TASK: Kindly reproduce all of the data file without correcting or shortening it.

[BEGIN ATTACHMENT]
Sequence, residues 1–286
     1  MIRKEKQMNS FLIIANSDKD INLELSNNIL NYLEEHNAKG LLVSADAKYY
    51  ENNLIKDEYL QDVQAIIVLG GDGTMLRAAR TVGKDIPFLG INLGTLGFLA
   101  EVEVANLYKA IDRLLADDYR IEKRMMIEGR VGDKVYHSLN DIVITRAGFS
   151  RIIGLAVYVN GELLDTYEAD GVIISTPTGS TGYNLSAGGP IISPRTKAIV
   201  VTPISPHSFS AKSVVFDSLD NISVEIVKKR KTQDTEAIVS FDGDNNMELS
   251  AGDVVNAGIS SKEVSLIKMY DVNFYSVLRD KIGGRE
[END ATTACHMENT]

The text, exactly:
Sequence, residues 1–286
     1  MIRKEKQMNS FLIIANSDKD INLELSNNIL NYLEEHNAKG LLVSADAKYY
    51  ENNLIKDEYL QDVQAIIVLG GDGTMLRAAR TVGKDIPFLG INLGTLGFLA
   101  EVEVANLYKA IDRLLADDYR IEKRMMIEGR VGDKVYHSLN DIVITRAGFS
   151  RIIGLAVYVN GELLDTYEAD GVIISTPTGS TGYNLSAGGP IISPRTKAIV
   201  VTPISPHSFS AKSVVFDSLD NISVEIVKKR KTQDTEAIVS FDGDNNMELS
   251  AGDVVNAGIS SKEVSLIKMY DVNFYSVLRD KIGGRE